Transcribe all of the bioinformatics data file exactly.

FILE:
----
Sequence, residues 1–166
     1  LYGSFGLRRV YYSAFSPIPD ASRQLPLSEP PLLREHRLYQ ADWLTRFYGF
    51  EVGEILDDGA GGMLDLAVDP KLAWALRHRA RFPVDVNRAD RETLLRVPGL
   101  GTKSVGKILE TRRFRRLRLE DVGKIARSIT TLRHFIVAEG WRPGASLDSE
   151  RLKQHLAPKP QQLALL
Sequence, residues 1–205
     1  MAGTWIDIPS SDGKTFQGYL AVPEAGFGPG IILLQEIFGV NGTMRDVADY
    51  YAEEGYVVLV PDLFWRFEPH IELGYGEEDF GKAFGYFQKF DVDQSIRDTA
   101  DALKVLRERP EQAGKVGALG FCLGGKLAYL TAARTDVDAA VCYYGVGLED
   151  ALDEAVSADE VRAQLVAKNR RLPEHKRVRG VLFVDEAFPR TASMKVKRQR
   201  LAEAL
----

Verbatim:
Sequence, residues 1–166
     1  LYGSFGLRRV YYSAFSPIPD ASRQLPLSEP PLLREHRLYQ ADWLTRFYGF
    51  EVGEILDDGA GGMLDLAVDP KLAWALRHRA RFPVDVNRAD RETLLRVPGL
   101  GTKSVGKILE TRRFRRLRLE DVGKIARSIT TLRHFIVAEG WRPGASLDSE
   151  RLKQHLAPKP QQLALL
Sequence, residues 1–205
     1  MAGTWIDIPS SDGKTFQGYL AVPEAGFGPG IILLQEIFGV NGTMRDVADY
    51  YAEEGYVVLV PDLFWRFEPH IELGYGEEDF GKAFGYFQKF DVDQSIRDTA
   101  DALKVLRERP EQAGKVGALG FCLGGKLAYL TAARTDVDAA VCYYGVGLED
   151  ALDEAVSADE VRAQLVAKNR RLPEHKRVRG VLFVDEAFPR TASMKVKRQR
   201  LAEAL